Promoted Accounts are suggested based on a user’s public list of whom they follow. When an advertiser promotes an account, Twitter’s algorithm looks at that account’s followers and determines other accounts that those users tend to follow. If a user follows some of those accounts, but not the advertiser’s account, then Twitter may recommend the advertiser’s Promoted Account to that user. For example, a lot of people who follow several education-related accounts also follow @teachforamerica. If someone follows education-related accounts, but not @teachforamerica, Twitter may recommend @teachforamerica to that user.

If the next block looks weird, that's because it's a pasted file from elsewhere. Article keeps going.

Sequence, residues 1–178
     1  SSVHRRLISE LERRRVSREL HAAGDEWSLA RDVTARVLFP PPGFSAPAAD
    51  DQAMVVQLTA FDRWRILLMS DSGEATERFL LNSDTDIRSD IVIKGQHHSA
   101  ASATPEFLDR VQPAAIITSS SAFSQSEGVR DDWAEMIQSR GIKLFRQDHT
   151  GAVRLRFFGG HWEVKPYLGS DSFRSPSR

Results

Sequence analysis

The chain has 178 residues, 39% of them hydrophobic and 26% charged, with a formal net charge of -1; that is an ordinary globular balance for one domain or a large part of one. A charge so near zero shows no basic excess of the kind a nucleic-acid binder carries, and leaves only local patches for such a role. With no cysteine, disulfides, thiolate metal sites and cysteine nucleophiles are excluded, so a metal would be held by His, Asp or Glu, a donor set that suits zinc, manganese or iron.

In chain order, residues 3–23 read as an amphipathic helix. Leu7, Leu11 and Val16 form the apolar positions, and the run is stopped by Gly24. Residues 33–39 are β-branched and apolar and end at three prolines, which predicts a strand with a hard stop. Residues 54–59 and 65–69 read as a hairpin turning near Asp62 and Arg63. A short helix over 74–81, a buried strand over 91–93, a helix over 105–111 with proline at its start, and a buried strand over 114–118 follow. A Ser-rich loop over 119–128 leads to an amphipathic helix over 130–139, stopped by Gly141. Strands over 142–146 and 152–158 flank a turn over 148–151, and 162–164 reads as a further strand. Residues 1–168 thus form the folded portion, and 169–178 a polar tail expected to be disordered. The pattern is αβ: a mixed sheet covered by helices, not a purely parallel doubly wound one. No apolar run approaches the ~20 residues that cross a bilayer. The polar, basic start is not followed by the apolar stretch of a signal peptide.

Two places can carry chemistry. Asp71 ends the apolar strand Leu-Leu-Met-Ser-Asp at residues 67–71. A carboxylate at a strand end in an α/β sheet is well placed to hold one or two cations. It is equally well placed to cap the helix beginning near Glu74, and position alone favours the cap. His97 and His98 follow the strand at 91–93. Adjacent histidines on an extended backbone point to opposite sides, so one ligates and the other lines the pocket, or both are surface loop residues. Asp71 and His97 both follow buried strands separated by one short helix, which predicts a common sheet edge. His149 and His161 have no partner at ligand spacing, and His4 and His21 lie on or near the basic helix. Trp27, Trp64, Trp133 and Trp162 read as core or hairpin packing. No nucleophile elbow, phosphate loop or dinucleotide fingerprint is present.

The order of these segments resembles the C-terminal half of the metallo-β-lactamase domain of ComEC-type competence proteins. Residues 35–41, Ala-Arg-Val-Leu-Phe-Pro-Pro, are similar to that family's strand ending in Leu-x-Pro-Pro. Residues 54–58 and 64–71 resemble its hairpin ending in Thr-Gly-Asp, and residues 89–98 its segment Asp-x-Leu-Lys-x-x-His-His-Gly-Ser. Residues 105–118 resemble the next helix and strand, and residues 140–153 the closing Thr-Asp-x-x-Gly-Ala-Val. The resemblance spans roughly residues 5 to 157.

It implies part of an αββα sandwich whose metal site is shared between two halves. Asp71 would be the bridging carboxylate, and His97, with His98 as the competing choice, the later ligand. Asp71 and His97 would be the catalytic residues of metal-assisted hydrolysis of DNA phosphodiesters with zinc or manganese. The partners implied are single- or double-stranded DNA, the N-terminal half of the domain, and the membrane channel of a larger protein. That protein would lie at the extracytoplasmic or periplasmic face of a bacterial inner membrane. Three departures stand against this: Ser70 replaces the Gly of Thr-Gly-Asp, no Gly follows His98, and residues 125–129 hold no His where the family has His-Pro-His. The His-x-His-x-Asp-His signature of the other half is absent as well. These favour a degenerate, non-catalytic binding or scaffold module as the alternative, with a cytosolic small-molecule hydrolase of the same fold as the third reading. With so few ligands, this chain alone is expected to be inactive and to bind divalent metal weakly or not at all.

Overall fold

Do Twitter Promoted Ads Appear on Mobile Devices?
Yes. To date, mobile users may can see Twitter's Promoted Ads in the following ways:
Promoted Trends and Promoted Tweets in search have been available on Twitter for iPhone, Twitter for Android and the mobile web (m.twitter.com) for some time.
Promoted Accounts and Promoted Tweets in the timeline have been available on mobile web for several months as well.
Twitter Advertiser Analytics Dashboard
Twitter offers advertisers an analytics dashboard for all three types of advertising products. All three dashboards display the following fundamental metrics of your campaign as they happen:
No of Impressions
No of Retweets
No of Clicks
No of Replies
No of Follows
Promoted Tweets, Accounts and Trends Dashboard
Promoted Tweets Dashboard (Click Image To Enlarge)
Timeline Activity (Click Image To Enlarge)
Followers Analytics (Click Image To Enlarge)
Courtesy of an article dated April 2, 2012 appearing in CNN Money